The management of real estate is one of the largest expenditures for most companies. Therefore, a comprehensive understanding of how a building is used is essential for proper facility management, especially in buildings where space comes at premium. Connected lighting systems can provide space utilization analytics that ultimately lead to the optimization of building resources.
Additionally, location-based services support wayfinding, or spatial problem-solving, within a facility. With this technology, facility users have access to a digital map that relies on the most advanced internet of things (IoT) technology to guide — and track — them throughout the space.
Today, connected lighting systems provide a natural platform for housing and deploying this valuable technology. We caught up with Ganesh Balasubramanian, product manager, connected buildings for Eaton’s Lighting Division, to discuss how connected lighting systems help facilities analyze space utilization and assist users in wayfinding.
How does connected lighting help analyze space utilization?
GB: It can be difficult to determine how a space is used in a large facility without the assistance of advanced technology that is distributed and connected throughout the facility. Connected lighting systems provide an ideal platform: all indoor facilities require lights, and fortunately, digital sensors are seamlessly integrated into this type of network.
For example, connected lighting solutions like Eaton’s LumaWatt Pro constantly gather data through an embedded digital sensor. In fact, LumaWatt Pro’s digital sensors capture occupancy data up to 60 times per second to provide granular information. The system has a network within a building that is very dense compared to traditional systems. Now, you have five or six sensors in a room, where before you may have only had one. These sensors tell you how densely a certain space is populated over time, and which spaces are unused or underutilized.
The application also collects high-level data on how people move within a space, while helping users find their way on the ground. Motion animation and heat maps are generated to provide insight into how much time people spend in certain places, where they came from and where they go next. This utilization and movement data is invaluable when it comes to auditing and optimizing services.
Take health care facilities, for example. They have patient rooms and exam rooms — what hospitals call revenue-generating rooms. Health care administrators want to maximize the usage of these rooms and ensure they’re never empty. That’s where the room analysis piece of the system’s Enlighted Space software comes into play. On a daily basis, you can see which rooms are most used or unused, how often they’re used and for how long. For example, if you have five exam rooms but only use two most of the time, you could reduce the number of rooms and, in turn, reduce operating expenses, creating value for the hospital.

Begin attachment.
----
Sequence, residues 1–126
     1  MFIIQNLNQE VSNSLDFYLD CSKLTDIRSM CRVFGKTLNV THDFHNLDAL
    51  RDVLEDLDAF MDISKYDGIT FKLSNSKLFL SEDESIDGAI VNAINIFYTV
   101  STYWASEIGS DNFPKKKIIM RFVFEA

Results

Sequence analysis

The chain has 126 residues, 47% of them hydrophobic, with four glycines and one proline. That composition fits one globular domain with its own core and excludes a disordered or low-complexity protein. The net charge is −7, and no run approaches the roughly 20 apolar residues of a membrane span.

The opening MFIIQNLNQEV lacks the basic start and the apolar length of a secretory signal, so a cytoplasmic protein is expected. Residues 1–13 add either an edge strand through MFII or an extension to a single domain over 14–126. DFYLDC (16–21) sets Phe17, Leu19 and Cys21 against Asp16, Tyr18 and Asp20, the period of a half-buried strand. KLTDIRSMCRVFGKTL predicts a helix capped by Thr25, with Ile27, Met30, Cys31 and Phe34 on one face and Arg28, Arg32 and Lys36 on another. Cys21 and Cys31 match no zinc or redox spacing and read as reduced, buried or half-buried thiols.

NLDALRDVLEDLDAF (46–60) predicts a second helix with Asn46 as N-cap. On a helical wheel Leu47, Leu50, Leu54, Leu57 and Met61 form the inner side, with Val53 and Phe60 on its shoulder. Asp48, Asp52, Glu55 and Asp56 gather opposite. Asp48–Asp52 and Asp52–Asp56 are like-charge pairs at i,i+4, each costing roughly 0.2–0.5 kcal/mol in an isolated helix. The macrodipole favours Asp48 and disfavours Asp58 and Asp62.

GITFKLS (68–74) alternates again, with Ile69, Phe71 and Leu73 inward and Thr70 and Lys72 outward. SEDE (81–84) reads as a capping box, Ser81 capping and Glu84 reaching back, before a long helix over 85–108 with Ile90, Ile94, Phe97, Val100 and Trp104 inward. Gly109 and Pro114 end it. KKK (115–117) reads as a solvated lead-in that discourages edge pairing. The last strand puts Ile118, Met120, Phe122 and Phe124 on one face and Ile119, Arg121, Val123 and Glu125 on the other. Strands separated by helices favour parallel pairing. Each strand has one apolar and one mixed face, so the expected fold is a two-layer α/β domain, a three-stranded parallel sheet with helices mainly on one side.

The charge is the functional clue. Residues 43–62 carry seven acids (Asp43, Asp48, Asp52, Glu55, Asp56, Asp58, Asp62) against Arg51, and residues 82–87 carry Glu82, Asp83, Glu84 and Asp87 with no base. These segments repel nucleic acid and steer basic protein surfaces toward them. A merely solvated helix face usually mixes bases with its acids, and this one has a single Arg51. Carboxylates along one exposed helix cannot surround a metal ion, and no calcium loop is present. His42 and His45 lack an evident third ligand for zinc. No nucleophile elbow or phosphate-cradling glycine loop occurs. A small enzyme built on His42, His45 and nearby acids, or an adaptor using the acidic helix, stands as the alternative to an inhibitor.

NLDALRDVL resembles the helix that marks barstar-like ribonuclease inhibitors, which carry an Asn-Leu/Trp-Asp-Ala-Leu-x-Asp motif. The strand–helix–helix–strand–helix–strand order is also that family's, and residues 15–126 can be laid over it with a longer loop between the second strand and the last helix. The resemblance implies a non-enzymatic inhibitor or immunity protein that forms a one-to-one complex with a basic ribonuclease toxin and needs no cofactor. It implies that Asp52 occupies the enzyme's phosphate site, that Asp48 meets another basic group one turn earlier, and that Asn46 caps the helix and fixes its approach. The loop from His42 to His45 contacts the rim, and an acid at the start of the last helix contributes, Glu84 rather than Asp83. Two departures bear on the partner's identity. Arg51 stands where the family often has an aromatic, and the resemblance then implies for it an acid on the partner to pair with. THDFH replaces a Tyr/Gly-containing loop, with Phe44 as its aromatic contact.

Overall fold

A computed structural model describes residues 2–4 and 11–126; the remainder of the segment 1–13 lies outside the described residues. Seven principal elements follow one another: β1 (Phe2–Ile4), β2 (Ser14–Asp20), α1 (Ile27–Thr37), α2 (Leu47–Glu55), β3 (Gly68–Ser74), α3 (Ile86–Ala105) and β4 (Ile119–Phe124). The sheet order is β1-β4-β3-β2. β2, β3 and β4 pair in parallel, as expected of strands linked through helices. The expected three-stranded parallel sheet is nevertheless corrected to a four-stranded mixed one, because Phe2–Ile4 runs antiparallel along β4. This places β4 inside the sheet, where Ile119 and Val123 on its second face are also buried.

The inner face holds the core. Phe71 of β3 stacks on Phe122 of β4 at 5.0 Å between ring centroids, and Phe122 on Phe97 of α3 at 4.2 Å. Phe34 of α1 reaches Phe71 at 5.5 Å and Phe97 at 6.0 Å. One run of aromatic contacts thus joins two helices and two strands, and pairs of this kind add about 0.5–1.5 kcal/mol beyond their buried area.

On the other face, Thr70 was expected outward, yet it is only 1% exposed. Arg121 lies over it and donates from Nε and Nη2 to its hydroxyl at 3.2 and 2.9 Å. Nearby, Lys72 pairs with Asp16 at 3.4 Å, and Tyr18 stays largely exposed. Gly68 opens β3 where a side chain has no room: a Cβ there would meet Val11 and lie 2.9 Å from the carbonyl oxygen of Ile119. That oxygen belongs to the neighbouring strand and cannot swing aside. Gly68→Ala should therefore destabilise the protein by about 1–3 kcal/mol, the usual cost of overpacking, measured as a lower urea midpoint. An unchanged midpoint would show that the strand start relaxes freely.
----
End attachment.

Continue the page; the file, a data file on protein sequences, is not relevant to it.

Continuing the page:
Why is this technology so valuable to facility managers, owners and users?
GB: Seeing detailed, nonintrusive views of workspaces in the form of graphs, heat maps and an interactive dashboard, coupled with the movement of people within these spaces, allows facility managers and owners to increase productivity, optimize space and drive cost-saving initiatives. The visual insights help you make better decisions about egress routes, corridor congestion and even carpet wear.
Wayfinding capabilities are a major benefit for users, too. I remember being new to Atlanta and going to the hospital for some testing. The doctor told us to go to the lab, but we struggled to find the test location. We finally found a nurse who walked us to the lab, but only after finding someone else to give us directions.
If you incorporate this technology, it can help patients get from point A to point B with ease. Without it, you could compromise user experiences and the overall usability of your facility.
Which segments stand to benefit the most?
GB: Due to the manner in which health care, airports, education, retail and corporate office buildings are used, they can benefit the most from connected lighting technology. Deploying location-based services in an airport, for example, can help people find their gates or other areas of interest, such as shopping and restaurants. When you’re rushing through the airport to make a connecting flight and you need to get there fast, you can bring up an app on your phone to receive turn-by-turn navigation to the next gate.
In a retail scenario, this technology can help customers get through the store more quickly. They simply upload their shopping list, and the application generates a map that shows them how to get from item to item, allowing them to get in and out of the store in less than 20 minutes.
If facilities desire optimal space utilization, ease of use and unabridged safety, integrated location-based services technology is the ultimate solution — and connected lighting is the ideal way to deploy it.